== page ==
First announced back in May, Twitter’s new rule changes are finally rolling out now: 140 characters are worth more today than yesterday. Character counts will no longer be gobbled up by images, videos, gifs, or polls. In fact, any media you may want to attach to your tweet will not count against your character limit nor are names or quoting tweets. The only major exception so far are attached links which will still ding you by 23 characters.
One of the advantages to these changes for businesses is the ability to communicate more effectively with their audiences without losing characters due to the addition of media that could help drive their point home more clearly.
Twitter stated that these changes will make having a conversation on the platform “more straightforward” with users not having to decide how to shorten or exclude words to fit within the original constraining limit. Still on the horizon is a change where users will no longer have to use “.@” to broadcast their tweets broadly to all of their followers.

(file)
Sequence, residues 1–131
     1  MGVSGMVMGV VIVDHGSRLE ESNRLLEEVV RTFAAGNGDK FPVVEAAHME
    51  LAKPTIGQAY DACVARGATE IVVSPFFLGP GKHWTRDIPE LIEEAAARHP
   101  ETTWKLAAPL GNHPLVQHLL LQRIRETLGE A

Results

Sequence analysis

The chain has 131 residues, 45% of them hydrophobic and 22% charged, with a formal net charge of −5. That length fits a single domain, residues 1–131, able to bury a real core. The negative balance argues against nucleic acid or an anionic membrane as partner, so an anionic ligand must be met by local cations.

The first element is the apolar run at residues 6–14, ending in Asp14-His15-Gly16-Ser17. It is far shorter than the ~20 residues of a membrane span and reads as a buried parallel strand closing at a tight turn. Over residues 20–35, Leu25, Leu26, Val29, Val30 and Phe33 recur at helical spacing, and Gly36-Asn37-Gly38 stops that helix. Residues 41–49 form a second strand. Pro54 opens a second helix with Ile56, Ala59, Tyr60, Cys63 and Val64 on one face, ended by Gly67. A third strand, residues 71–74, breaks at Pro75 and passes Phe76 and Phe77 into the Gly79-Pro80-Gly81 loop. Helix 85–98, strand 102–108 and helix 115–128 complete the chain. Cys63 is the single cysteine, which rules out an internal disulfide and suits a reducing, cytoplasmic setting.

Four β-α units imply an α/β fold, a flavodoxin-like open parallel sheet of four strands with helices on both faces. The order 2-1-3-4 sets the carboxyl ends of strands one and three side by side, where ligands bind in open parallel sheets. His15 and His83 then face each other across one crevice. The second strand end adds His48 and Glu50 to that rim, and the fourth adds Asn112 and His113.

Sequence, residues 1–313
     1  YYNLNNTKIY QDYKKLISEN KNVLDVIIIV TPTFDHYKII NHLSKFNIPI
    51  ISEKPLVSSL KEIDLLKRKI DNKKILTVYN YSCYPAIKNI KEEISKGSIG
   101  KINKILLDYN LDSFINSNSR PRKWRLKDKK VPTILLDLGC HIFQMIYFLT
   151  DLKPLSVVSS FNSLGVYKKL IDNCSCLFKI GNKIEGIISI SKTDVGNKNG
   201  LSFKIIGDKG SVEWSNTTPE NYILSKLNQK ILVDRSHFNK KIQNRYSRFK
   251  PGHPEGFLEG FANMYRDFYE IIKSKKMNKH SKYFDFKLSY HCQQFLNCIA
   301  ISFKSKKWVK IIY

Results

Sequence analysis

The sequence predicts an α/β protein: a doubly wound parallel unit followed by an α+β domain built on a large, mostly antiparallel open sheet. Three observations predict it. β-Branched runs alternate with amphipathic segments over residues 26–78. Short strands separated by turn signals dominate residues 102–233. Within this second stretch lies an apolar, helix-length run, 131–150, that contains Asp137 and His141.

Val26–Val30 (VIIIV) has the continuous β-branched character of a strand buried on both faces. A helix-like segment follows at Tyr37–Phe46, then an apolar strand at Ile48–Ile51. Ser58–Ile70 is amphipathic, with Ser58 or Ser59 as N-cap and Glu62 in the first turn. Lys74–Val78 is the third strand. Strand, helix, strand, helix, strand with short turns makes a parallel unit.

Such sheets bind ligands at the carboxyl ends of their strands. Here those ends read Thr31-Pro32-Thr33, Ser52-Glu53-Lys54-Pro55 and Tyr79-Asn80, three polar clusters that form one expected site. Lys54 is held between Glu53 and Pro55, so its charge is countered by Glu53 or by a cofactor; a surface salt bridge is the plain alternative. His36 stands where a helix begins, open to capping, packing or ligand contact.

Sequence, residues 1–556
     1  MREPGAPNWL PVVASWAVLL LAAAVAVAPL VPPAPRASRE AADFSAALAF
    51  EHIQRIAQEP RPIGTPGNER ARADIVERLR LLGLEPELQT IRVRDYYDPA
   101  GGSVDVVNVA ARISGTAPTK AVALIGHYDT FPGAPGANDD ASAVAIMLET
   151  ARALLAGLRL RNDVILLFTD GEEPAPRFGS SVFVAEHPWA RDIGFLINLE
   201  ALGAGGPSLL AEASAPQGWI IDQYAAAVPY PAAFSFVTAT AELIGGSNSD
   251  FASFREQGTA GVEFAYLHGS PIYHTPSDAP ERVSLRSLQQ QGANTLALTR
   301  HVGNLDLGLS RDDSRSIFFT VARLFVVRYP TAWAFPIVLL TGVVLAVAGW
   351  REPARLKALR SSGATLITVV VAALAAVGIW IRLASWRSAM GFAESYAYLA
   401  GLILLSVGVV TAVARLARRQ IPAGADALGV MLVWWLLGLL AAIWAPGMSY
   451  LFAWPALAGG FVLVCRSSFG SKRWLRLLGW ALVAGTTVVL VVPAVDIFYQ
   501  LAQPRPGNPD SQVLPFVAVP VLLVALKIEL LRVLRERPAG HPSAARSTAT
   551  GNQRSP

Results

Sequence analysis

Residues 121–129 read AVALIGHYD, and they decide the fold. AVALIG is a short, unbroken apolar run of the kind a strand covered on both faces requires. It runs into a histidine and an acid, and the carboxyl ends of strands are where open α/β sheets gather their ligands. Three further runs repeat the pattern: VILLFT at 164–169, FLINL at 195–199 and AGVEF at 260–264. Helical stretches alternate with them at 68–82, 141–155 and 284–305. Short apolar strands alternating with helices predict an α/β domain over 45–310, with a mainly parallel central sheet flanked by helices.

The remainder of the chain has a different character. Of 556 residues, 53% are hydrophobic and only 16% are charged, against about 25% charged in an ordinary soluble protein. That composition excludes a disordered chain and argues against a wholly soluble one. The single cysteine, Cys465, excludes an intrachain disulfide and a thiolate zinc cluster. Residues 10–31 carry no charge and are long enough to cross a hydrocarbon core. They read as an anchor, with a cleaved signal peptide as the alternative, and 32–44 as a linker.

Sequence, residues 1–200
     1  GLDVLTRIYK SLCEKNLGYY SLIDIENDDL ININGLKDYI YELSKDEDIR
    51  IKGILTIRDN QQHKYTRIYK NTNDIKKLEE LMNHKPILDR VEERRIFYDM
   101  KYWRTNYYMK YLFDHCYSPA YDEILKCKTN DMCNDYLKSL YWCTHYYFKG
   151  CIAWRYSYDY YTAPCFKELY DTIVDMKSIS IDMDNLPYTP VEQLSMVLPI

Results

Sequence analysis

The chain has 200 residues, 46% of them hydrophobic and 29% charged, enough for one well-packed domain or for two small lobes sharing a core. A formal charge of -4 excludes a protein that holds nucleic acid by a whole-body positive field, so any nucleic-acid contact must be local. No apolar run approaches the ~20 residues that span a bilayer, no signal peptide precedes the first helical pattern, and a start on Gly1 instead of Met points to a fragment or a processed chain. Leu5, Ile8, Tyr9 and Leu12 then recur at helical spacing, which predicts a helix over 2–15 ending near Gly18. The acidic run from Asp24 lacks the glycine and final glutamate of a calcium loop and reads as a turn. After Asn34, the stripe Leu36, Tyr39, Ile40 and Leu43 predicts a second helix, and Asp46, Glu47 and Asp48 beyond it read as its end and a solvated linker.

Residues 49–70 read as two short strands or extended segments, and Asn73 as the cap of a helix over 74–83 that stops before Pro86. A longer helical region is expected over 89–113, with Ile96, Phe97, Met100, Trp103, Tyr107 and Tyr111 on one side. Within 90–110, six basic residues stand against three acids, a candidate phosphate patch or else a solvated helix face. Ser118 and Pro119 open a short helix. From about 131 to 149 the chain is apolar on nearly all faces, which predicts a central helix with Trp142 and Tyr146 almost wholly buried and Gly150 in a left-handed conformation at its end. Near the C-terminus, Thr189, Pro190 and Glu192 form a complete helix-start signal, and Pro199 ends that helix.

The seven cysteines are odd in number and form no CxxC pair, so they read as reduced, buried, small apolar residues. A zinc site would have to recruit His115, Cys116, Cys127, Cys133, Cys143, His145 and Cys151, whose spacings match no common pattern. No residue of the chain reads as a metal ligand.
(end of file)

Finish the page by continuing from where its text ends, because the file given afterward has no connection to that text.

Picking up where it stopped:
Twitter has come a long way since its original inception of a micro-blog. When its developers began what would eventually become the world’s most popular social networking site, they found themselves at a crossroads of how to properly brand their new platform. They realized the word “twitter,” defined as “a succession of small, tremulous sounds, as a bird,” was perfect.
Although most people often think of Twitter as a social network, its developers think of it as much more. Having become one of the first places users go to get the most up-to-the-second information about news and events around the world, Twitter has helped to reshape the way we receive media today. With these changes now in effect, Twitter has successfully made communicating through the platform much easier while still paying deference to its micro-blog origins.
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